If seven people are accountable for parts, that can be….a problem. If your parts are routinely walking away and everything is chaos, you might ultimately save money by having someone just be accountable for the whole thing.

(Or Fullbay can be helpful in that regard to track your inventory…just sayin’.)

So, those four practices are where Chris would start if tasked with getting a crazy parts situation under control. But there’s another element to the parts conundrum that often perplexes shop owners and techs, and that’s how to handle the mobile side of things.

Chris had some advice on that end, too!


Friends, it is time to rejoice: the mobile truck inventory need not be a great mystery. Why? It’s just another location. Treat it like a moving parts room. All the best practices we discussed above are applicable to just about any repair truck.

Then add on the following:

1. Make sure you’re marking up parts appropriately. There’s an old saying: Everything is more expensive on the road.

(Wait, did we just make that up? We are geniuses.)

Anyway, if you’re hauling iron out to a stranded driver 400 miles from the nearest Starbucks at 2 AM…yeah, that iron is going to be considerably more expensive. “You can’t go crazy with price-gouging,” Chris cautions, “but you’re taking all kinds of risks on these mobile trucks.”

So maybe you have a category that allows you to price the parts on the trucks higher. Just make sure you are charging for those parts. You’re providing a valuable, much-needed service when you perform roadside rescues. You should be compensated.

2. Imagine the service truck as your parts room. How you organize it is up to you, but you should know where things are. Like we said, “Treat it like a location.”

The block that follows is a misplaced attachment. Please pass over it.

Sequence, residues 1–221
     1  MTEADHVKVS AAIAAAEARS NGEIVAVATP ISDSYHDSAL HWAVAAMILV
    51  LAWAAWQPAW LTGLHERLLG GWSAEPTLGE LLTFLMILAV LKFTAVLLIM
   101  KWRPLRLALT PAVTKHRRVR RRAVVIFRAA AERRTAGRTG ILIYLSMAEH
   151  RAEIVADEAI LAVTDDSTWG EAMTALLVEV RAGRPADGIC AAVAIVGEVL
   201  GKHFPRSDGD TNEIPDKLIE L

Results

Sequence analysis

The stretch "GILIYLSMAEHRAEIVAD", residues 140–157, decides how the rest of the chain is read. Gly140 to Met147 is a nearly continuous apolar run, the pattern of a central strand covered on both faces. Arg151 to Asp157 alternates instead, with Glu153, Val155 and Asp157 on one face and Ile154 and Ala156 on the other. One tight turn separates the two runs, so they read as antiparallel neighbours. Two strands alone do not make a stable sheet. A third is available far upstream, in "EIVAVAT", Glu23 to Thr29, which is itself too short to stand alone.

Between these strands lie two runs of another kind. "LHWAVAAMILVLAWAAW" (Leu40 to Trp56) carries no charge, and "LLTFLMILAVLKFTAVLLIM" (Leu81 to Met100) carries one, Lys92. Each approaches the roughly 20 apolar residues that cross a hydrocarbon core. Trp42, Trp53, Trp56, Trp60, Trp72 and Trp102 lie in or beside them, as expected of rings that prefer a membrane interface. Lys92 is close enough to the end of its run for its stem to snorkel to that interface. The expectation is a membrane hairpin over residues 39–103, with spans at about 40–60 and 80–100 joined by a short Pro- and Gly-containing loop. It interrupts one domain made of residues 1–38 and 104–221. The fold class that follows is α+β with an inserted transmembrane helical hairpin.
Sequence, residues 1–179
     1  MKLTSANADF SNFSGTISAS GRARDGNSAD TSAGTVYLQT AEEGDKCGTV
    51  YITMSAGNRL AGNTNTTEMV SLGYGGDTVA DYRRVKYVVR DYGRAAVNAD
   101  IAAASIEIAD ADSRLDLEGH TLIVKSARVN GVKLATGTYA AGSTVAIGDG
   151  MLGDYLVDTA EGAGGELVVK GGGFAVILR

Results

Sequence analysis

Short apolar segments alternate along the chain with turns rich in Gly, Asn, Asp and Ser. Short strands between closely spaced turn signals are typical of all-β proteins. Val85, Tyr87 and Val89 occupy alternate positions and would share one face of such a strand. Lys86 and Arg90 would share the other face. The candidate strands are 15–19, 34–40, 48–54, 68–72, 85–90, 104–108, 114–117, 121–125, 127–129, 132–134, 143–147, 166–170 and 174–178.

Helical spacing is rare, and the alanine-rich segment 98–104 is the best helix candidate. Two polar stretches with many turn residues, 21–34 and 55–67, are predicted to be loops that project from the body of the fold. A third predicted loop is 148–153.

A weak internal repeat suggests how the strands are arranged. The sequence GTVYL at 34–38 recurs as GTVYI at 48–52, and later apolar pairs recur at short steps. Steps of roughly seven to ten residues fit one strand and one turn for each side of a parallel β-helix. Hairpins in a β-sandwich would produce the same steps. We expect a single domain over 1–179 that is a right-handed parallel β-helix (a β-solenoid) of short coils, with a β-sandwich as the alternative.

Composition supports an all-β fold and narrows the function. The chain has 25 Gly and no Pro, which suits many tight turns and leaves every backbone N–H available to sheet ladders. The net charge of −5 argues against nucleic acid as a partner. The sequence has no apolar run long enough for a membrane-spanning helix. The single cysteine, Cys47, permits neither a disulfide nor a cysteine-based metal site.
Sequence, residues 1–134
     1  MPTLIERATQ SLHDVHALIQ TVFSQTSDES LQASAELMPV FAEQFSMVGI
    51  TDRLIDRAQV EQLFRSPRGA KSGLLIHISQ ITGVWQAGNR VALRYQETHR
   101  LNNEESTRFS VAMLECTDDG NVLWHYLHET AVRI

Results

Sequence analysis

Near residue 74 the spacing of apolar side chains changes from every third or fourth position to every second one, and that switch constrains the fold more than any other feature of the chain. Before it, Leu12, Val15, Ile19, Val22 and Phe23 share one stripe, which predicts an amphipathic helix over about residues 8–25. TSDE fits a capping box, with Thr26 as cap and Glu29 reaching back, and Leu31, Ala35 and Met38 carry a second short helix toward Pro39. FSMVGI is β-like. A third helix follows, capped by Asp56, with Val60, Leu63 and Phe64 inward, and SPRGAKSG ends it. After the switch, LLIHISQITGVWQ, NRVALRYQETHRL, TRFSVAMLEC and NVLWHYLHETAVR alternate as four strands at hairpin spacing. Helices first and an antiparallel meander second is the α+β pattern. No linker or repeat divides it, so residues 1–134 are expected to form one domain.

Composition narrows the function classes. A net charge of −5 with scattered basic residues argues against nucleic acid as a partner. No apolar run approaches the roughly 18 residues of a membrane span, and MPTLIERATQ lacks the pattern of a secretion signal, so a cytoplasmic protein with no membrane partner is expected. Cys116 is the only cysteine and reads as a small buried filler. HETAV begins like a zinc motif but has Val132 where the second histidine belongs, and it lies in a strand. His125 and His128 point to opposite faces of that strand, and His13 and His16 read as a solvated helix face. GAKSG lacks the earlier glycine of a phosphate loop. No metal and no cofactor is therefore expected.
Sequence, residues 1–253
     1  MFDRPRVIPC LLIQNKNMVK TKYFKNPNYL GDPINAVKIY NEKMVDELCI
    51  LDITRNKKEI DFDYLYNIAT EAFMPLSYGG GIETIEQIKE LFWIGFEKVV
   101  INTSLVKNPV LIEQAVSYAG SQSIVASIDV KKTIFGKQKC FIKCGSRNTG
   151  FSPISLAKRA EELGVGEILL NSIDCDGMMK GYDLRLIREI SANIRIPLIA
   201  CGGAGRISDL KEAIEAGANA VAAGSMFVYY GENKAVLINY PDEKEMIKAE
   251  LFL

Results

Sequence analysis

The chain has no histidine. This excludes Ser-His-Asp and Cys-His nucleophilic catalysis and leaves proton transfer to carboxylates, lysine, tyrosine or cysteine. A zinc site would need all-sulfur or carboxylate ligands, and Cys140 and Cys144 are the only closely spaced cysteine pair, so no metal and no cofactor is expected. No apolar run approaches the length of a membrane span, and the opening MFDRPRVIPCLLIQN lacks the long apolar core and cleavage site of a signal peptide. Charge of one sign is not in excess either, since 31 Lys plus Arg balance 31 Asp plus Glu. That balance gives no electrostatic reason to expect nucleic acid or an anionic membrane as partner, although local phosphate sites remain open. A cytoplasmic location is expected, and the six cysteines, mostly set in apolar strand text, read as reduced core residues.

Hey, you know what you should do with that truck?

Cycle count it.

Now, if you’re rotating drivers constantly, maybe have a right side and a left side, so people aren’t constantly digging for things. But again, it’s just a location. Does it have negatives? Cycle count it and make sure you know what’s aboard and what you need.

Who should do the cycle count? Maybe it’s for the tech assigned to the truck— they audit it once a quarter. And if parts are missing, they pay for it. And if parts aren’t missing, they get a bonus.

That’s it. Those are our mobile-specific best practices.


Instead of launching into all the ways Fullbay can help you (or your parts manager, or the seven techs you have trading off on duties) manage your inventory, we’re going to leave you with some food for thought:

Parts never cost what they cost you on the invoice.

We repeat: Parts never cost what they cost you on the invoice.

You’re never just paying for the part. Once you fork over the cheddar for the component itself, though, you’re also paying to ship it, receive it, store it. When you think about what all that costs you, Chris says, “You have no choice but to make money on parts.”

You’d probably bankrupt your shop if you didn’t.

Now, what if the worst should happen? If you start following the best practices above and you realize the problem is just too big—that it would take months or a year for your current employees to organize and make right while they juggle their actual duties?

Well, it’s time for outside help. Maybe that’s a parts person, but it may also be something else.

Chris knows several shop owners who have turned to temp help—usually someone’s kid home from college, looking for a job over the summer. You might also check in with local high schools and see if any math-loving juniors or seniors are looking for jobs. You add the youngster as a user in Fullbay and they spend a month or so just cycle counting. The kid goes back to school and the user gets switched off.

“Bring them in, get it done, set them out,” Chris says. “That’ll catch you and level-set, and it’s a way to execute.”

Best of all, everyone else gets to keep doing their job.

When it comes to performing a comprehensive inventory check, you’ve got a lot of options—even if your parts room has slowly descended into chaos. Remember, there’s always a way out, even though the path ahead may be difficult and strewn with zerks and mislabeled filters. You can do this! And yes, Fullbay can help. Give our free demo a whirl and see why shop owners swear by our inventory reports.

Suz Baldwin